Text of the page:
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The conservation works to be carried out in the north-western area of the Domus Aurea, aimed at tackling the two main objectives of intervention on the monument, are now underway.
When we took on the job of consolidating and conserving Room 34 of the Domus Aurea, the tasks and difficulties to be tackled seemed fairly circumscribed.
After several months of work by a group of conservators, we are about to complete the intervention to secure the decorations of the Great Cryptoporticus which delimits the East Wing of the Domus to the north.
The morphology of the archaeological monument, and the complexity and number of consolidation interventions – planned and underway – entail a need for particularly careful health and safety management in accordance with the most stringent current legislation (Italian legislative decree no. 81/08, no. 106/09 as amended).
Work to secure Room 33, the Room of the Red Vault, has recently been completed.
Conservation work aimed at securing the surfaces of the Domus Aurea decorated with plaster, wall paintings and stucco elements are proceeding in parallel with stability tests on architectural structures and environmental monitoring.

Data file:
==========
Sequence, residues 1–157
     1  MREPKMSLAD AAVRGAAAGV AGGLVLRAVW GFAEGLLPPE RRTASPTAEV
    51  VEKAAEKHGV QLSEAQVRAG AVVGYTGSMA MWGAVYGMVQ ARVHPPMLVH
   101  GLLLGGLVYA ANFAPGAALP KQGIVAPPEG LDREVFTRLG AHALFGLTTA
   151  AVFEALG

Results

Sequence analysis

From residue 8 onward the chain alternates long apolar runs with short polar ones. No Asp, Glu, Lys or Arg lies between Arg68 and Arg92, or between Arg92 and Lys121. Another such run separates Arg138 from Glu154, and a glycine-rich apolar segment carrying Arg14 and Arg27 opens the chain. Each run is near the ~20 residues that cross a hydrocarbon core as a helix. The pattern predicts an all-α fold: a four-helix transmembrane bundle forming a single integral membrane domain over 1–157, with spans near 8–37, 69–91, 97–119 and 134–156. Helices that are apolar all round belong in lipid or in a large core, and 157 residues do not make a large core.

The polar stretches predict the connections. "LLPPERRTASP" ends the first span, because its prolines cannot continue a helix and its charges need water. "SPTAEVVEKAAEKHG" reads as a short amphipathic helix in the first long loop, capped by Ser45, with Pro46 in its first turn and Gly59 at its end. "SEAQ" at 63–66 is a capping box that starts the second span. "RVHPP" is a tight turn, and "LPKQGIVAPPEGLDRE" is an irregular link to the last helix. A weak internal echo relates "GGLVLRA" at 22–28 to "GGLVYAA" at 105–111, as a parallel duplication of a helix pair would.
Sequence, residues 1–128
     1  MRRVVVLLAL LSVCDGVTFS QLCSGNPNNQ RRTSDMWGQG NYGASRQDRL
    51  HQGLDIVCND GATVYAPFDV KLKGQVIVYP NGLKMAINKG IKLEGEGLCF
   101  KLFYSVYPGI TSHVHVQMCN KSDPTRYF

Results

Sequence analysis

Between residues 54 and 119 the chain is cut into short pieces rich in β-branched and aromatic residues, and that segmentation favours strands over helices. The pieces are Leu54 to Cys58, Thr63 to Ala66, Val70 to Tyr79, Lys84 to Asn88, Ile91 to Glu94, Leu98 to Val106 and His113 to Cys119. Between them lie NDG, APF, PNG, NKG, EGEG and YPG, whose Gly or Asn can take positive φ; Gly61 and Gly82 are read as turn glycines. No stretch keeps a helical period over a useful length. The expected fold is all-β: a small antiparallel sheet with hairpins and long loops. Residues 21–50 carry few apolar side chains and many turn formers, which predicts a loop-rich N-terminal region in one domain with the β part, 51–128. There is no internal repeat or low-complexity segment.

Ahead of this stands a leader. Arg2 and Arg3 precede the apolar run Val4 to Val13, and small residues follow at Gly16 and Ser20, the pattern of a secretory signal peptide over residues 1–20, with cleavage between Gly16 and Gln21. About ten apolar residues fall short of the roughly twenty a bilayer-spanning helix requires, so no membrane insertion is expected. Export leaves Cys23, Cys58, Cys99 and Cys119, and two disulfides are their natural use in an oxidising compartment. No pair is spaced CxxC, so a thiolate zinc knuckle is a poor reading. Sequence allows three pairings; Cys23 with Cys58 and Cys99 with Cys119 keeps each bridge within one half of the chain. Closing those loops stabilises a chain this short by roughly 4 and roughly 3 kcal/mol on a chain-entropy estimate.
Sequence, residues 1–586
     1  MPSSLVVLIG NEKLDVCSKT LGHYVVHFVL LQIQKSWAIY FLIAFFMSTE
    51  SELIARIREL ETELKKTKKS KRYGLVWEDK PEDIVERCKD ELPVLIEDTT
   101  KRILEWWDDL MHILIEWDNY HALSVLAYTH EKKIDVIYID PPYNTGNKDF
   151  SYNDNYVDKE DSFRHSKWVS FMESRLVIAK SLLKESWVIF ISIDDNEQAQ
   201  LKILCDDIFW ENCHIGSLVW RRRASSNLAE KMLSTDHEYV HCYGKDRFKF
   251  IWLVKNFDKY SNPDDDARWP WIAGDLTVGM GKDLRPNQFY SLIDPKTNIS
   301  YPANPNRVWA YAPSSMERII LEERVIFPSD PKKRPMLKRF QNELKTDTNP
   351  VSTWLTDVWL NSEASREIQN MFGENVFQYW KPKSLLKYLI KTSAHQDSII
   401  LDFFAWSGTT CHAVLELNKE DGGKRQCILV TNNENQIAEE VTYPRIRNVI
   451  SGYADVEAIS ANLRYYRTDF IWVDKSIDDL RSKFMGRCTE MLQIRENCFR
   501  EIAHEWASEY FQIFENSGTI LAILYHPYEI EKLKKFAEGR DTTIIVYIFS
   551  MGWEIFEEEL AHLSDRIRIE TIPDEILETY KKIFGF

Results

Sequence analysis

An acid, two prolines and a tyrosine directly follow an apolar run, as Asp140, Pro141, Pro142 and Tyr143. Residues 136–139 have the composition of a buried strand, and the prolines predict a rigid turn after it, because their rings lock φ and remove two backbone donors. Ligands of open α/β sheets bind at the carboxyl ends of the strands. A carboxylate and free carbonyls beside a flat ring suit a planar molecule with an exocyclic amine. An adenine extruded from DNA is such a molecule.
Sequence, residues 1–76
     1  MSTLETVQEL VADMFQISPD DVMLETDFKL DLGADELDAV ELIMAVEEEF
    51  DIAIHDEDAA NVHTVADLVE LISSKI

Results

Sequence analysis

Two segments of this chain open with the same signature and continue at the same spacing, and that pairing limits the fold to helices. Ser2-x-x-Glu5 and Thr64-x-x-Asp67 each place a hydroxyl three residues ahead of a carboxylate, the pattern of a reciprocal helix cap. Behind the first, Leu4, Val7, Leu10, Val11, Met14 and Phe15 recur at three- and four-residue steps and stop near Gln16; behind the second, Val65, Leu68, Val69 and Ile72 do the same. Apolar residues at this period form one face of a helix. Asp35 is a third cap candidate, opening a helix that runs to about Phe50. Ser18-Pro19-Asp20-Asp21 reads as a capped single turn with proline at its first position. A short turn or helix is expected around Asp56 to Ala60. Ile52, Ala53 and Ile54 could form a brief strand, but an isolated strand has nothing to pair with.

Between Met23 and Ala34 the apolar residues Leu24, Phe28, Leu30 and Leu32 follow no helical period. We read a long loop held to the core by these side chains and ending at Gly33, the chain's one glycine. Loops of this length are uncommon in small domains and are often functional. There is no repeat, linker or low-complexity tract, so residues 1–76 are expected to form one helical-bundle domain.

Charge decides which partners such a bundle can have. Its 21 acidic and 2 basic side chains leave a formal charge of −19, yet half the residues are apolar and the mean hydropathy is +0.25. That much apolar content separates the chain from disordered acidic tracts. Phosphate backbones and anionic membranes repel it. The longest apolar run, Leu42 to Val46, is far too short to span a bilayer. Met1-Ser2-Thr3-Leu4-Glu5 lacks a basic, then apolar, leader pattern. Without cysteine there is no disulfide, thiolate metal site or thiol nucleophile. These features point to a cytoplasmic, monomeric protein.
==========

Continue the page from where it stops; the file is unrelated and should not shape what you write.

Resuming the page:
From 2006, the East Wing of the Domus Aurea, centred around the famous Octagonal Room, was the site of works undertaken by the Commissioner appointed to urgently secure the Domus Aurea by Directive no. 3541 of the Presidency of the Council of Ministers of 18 August 2006. After a research and planning phase, the first consolidation interventions (1st batch) began in 2010. These works, directed by the Commissioner L. Marchetti, entailed consolidating vertical walls and jack arches, alongside structural and microclimatic monitoring, concentrated in the East Wing of the monument. With the Directive of the Presidency of the Council of Ministers no. 4017 of 25 April 2012 the state of emergency ceased and responsibility for the whole monument and its management, with the remaining funds, was returned to the Soprintendenza Speciale per i Beni Archeologici di Roma, which in the meantime had continued to work in the West Wing as well as acting to safeguard the monument.
In the context of the institutional collaboration between the Soprintendenza speciale per i beni archeologici di Roma (SSBAR – Mibac)